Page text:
Opponents accused Russian authorities of mass fraud on Monday after the ruling United Russia party, which supports President Vladimir Putin, won a bigger than expected parliamentary majority despite unease over living standards.
With over 99% of ballots counted, the Central Election Commission said United Russia had won nearly 50% of the vote, with its nearest rival, the Communist Party, taking just under 19%.
The scale of the victory means United Russia will have more than two-thirds of deputies in the 450-seat State Duma lower house of parliament. This will enable it to continue to push through laws without having to rely on other parties.
United Russia, a party that Putin helped found, had always been expected to win. Its most vociferous critics, allies of jailed Kremlin critic Alexei Navalny, were prevented from taking part after a court branded them extremists in June.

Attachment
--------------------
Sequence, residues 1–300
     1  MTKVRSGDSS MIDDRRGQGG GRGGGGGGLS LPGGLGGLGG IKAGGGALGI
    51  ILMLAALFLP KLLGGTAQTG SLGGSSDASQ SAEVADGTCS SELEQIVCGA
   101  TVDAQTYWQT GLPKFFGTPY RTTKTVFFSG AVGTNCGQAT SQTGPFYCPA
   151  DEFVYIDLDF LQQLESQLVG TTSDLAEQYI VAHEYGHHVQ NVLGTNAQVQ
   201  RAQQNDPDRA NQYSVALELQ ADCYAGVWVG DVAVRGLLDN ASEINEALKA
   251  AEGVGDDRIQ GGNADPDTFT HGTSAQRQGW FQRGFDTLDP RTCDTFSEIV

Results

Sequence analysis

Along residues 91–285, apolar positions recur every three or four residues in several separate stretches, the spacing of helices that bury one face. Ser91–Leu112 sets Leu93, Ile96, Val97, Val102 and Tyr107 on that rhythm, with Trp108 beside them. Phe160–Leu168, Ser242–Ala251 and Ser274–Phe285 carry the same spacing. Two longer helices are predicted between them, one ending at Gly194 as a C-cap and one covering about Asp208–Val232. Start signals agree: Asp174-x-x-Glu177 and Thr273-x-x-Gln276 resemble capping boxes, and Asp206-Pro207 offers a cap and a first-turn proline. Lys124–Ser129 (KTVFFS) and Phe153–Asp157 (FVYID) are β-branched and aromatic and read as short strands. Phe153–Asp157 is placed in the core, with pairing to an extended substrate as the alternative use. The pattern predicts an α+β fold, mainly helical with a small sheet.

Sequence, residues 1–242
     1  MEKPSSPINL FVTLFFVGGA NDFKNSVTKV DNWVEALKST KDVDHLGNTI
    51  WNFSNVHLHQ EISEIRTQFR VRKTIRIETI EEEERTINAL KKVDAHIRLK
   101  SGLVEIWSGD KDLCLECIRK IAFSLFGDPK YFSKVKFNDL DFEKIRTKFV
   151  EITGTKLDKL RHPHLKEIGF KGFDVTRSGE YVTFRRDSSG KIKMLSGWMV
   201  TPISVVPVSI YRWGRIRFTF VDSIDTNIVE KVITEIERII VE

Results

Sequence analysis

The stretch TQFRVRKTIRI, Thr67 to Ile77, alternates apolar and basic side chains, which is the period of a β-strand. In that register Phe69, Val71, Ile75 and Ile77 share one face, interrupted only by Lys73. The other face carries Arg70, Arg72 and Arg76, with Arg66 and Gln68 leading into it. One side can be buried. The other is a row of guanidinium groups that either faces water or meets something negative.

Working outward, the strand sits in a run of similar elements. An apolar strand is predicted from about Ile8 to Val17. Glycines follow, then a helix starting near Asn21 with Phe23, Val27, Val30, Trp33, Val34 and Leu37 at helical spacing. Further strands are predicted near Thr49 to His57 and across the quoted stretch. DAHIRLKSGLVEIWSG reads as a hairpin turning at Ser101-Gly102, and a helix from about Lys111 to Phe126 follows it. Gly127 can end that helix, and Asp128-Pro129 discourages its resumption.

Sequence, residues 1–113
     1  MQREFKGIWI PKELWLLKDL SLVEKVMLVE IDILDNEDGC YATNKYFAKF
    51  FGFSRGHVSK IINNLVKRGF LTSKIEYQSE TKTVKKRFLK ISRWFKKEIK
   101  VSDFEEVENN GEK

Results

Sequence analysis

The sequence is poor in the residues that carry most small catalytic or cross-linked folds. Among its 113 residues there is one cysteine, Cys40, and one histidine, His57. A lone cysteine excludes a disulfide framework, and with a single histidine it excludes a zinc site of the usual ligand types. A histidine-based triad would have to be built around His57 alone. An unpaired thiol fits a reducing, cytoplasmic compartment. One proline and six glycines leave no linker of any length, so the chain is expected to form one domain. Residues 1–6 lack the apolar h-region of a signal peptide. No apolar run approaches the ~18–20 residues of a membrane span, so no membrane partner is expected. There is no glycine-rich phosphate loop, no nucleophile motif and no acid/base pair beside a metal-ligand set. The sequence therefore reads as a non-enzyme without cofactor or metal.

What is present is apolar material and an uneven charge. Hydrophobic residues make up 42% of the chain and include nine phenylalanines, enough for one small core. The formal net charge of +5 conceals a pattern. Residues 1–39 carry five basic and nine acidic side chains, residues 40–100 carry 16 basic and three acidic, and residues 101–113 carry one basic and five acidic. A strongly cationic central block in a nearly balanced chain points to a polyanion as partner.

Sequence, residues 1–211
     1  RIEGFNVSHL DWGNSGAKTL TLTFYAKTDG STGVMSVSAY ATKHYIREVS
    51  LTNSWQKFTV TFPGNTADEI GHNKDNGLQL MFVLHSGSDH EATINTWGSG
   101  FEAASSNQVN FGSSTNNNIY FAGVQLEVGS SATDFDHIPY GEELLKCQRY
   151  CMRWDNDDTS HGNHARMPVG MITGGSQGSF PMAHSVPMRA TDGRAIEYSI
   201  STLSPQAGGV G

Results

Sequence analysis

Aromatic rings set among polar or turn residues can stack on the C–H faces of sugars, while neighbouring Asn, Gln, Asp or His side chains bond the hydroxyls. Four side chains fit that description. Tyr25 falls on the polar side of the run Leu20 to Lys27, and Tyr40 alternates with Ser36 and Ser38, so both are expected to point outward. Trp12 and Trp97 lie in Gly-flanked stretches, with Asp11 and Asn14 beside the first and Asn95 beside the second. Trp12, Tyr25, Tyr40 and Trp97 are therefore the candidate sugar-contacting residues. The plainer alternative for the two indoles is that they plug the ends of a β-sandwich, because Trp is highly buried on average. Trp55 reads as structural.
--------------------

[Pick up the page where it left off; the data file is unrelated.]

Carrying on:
Putin gave a short statement, thanking voters after the Kremlin had hailed the result, saying United Russia had confirmed its role as the leading party. The Kremlin said the election had been competitive, open and honest.